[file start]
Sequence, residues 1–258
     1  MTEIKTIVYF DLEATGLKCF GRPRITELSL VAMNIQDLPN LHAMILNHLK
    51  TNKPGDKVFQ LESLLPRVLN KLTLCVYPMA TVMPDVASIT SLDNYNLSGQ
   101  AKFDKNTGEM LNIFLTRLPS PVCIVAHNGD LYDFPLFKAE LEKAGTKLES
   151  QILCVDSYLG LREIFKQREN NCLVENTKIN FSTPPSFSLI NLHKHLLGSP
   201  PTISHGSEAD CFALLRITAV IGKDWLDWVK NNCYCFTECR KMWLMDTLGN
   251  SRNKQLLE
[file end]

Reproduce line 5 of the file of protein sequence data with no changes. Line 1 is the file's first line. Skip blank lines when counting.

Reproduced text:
   151  QILCVDSYLG LREIFKQREN NCLVENTKIN FSTPPSFSLI NLHKHLLGSP